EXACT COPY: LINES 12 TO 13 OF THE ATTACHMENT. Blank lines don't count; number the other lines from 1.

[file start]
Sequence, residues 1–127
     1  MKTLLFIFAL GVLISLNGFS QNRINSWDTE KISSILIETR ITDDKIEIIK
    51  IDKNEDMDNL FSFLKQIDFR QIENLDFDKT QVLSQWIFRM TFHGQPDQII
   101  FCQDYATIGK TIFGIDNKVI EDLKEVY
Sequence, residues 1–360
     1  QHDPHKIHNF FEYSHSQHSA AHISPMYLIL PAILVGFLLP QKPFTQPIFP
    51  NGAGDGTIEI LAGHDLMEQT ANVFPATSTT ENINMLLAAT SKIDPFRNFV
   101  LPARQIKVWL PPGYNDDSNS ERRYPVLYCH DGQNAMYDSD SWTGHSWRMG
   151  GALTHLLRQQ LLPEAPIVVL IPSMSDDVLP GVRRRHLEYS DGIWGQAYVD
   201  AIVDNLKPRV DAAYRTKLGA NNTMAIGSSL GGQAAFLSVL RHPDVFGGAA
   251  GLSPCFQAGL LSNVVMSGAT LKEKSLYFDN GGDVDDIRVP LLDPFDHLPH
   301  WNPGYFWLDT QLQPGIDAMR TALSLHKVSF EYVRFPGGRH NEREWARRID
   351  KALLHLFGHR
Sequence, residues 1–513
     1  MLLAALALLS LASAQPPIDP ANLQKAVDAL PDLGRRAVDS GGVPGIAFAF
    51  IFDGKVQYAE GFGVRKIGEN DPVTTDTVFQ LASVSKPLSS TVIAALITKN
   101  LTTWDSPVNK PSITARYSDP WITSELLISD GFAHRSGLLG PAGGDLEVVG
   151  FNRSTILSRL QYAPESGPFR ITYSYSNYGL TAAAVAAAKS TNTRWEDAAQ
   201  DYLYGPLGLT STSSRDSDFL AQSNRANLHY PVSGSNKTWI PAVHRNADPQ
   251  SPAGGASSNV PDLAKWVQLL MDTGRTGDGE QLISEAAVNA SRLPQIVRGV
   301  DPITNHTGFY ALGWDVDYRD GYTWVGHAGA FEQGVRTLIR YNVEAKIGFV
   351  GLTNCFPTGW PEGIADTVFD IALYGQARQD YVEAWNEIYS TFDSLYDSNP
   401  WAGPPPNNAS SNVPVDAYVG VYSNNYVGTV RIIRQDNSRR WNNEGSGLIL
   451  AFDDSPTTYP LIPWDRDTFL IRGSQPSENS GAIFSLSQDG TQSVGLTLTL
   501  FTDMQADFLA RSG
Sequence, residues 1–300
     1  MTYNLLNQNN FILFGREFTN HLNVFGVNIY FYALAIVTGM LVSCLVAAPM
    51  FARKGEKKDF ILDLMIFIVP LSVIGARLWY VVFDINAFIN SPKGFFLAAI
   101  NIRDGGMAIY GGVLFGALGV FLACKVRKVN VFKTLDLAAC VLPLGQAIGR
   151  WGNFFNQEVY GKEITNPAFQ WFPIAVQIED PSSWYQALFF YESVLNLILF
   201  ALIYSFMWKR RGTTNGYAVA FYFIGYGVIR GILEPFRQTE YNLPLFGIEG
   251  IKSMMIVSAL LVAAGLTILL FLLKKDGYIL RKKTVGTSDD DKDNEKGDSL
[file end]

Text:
   301  WNPGYFWLDT QLQPGIDAMR TALSLHKVSF EYVRFPGGRH NEREWARRID
   351  KALLHLFGHR